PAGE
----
Starting today, pedestrians on the crowded sidewalks adjacent to Bloomingdale's New York flagship store may notice a certain fragrance in the air. It won't be their imagination: to promote Donna Karan's new perfume DKNY Delicious Night, the retailer will be spraying it into the air.
The effort is an extreme example of a broader marketing trend. After years of bombarding consumers with ads aimed at their eyes and their ears, advertisers are focusing more on the nose -- with ads that rely on smell to get attention. Spraying a fragrance into the air isn't practical for most advertisers. Instead, a growing array of companies -- including food and beverage makers and even TV networks -- are adopting a technique once reserved for perfume companies: sniff ads in magazines.
The Showtime pay-cable network drew attention for promoting its drama "Weeds," about a drug-dealing mother, by adding the scent of marijuana to strips in magazine ads. "We tried to do something that would surprise people," says Alan Cohen, managing director at Initiative, a unit of Interpublic Group, which created the "Weeds" campaign.
The scented ads aren't just in magazines. Last year, supermarket shoppers could get a whiff of Kraft Foods' new DiGiorno Garlic Bread Pizza by scratching a scent-laden card in stores. Avon, whose products are sold primarily door to door, now uses scent strips or scented pages for products from perfume to bubble bath in most of its product catalogs, distributed every two weeks in the U.S. One of its most recent features actress Jennifer Hudson on the cover, along with a sample of a new fragrance, Imari Seduction, encased beneath an adhesive strip.
"What scent does is build a distinctive brand connection to the consumer beyond the image and the written word," says Paul Caine, group publisher of Time Inc.'s People Group, which includes weekly title People. The magazine has seen dramatic growth in the number of scented ads in recent years, says Mr. Caine, including ads for packaged-goods companies and auto makers. Time Inc. is a unit of Time Warner.
The ads aren't cheap to produce; they generally cost four to eight times as much as a plain print magazine ad, says Louis Zafonte, executive director of Arcade Marketing, one of the major players in creating ads that emit different smells. It uses both the older scent strip as well as newer techniques. One, called LiquaTouch, involves adding fragrance to a tiny towelette on the advertisement that lets consumers try the fragrance on their skin.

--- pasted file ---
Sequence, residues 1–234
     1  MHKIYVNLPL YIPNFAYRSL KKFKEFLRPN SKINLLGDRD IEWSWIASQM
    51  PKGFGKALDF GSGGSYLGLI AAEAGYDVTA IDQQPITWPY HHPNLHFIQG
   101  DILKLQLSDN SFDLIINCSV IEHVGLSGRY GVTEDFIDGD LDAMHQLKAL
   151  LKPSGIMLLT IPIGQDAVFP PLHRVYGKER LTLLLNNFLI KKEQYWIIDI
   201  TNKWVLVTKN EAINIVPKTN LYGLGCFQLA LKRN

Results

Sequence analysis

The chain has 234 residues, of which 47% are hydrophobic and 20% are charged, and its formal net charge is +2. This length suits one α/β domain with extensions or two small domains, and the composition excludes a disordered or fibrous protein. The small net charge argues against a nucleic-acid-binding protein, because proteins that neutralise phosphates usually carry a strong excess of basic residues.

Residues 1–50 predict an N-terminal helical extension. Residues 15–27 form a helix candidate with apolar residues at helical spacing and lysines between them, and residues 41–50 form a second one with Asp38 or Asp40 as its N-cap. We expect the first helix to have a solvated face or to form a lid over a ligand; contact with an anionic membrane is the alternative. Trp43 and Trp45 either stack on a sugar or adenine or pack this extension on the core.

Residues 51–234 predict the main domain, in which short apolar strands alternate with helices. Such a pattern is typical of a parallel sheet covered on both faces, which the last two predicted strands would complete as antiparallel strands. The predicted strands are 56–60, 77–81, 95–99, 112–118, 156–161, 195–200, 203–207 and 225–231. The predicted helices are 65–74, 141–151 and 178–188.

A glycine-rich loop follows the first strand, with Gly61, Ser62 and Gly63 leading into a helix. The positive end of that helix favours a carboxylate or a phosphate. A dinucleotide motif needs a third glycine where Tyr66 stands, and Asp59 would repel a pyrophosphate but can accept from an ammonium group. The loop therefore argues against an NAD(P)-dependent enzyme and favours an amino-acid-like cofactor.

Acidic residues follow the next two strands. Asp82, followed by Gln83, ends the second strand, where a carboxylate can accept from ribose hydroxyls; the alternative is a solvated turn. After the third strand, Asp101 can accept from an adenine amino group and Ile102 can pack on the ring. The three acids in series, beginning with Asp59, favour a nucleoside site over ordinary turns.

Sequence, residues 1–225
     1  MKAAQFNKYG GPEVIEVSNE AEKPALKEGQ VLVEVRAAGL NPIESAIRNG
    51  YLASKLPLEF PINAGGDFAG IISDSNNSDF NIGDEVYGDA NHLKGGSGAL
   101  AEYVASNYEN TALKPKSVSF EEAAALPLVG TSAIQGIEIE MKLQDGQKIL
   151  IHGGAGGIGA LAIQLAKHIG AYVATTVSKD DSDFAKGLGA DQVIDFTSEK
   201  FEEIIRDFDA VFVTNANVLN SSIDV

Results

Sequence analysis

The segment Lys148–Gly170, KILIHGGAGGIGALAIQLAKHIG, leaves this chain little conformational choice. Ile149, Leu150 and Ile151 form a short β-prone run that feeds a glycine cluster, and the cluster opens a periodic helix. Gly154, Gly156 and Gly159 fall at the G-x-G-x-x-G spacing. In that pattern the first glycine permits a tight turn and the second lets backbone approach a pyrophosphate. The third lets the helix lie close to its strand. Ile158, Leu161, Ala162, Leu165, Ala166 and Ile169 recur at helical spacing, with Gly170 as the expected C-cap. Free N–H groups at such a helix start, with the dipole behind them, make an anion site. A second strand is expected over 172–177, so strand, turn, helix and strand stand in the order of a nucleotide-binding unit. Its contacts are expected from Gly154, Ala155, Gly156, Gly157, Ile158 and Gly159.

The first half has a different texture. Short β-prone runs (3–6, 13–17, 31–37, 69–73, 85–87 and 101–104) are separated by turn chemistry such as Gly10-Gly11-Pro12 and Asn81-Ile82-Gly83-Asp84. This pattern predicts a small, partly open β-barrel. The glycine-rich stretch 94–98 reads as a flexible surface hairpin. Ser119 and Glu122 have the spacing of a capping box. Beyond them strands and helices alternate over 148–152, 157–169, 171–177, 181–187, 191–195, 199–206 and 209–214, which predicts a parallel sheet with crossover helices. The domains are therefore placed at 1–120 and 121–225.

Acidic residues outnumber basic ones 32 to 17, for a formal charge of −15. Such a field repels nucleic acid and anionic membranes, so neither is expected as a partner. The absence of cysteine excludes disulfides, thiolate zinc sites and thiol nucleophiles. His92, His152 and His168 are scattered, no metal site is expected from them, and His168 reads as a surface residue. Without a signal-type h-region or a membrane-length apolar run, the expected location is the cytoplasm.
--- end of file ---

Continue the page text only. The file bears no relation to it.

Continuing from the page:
The extra cost is worth it, says Avon, which uses Arcade to make scent strips in its catalogs. "We can regularly see the high return on investment," says Lily DeStefano, executive director of Avon's U.S. fragrances. The beauty company, based in New York, uses scented spots on its pages or fragrance strips for new and longstanding products because it translates to stronger sales for both and helps attract new customers, Ms. DeStefano says.
Still, the technique requires logistical planning to avoid one fragrance's aroma mixing with another. "It is a bit of a challenge because we don't want to compromise the quality of the scent," Ms. DeStefano says. "We just examine the brochure and place the scent pages strategically throughout so they don't clash."
Beauty companies, not surprisingly, still dominate the market for scent ads. Arcade says the beauty sector account for more than half its business. Competition for shoppers' attention has become intense in the fragrance market amid record numbers of new product introductions over the past few years.The extra competition makes sampling a crucial tool in luring buyers, Arcade says.
"In 2006, there were more fragrance launches than in the 1970s and 1980s combined," says Karen Grant, an analyst with research firm NPD.
That is good news for beauty magazines such as Allure, which says it is seeing an increase in the number of ads using scent-laden technology. Allure, a Condé Nast title, is ramping up for the two biggest fragrance sampling issues of the year -- November and December. More than half of all fragrance sales happen during the holiday season, Allure publisher Nancy Berger Cardone says. A recent survey of Allure's readers found that some 86% immediately open and try scent strips in the magazine, and 72% said they bought a fragrance based on trying a scent strip in the magazine, Ms. Cardone says.
Not everyone likes the strips. Helping make marketers more receptive to paying up for scented ads are improvements in technology that reduce the risk of dousing a reader with an unwanted scent.
"Now you can only smell it when you take action, by opening it," Ms. Cardone says. "That helps companies feel more comfortable."
Stephanie Kang and Ellen Byron, The Wall Street Journal. October 8, 2007
Copyright © 2007 Dow Jones & Company, Inc. All rights reserved.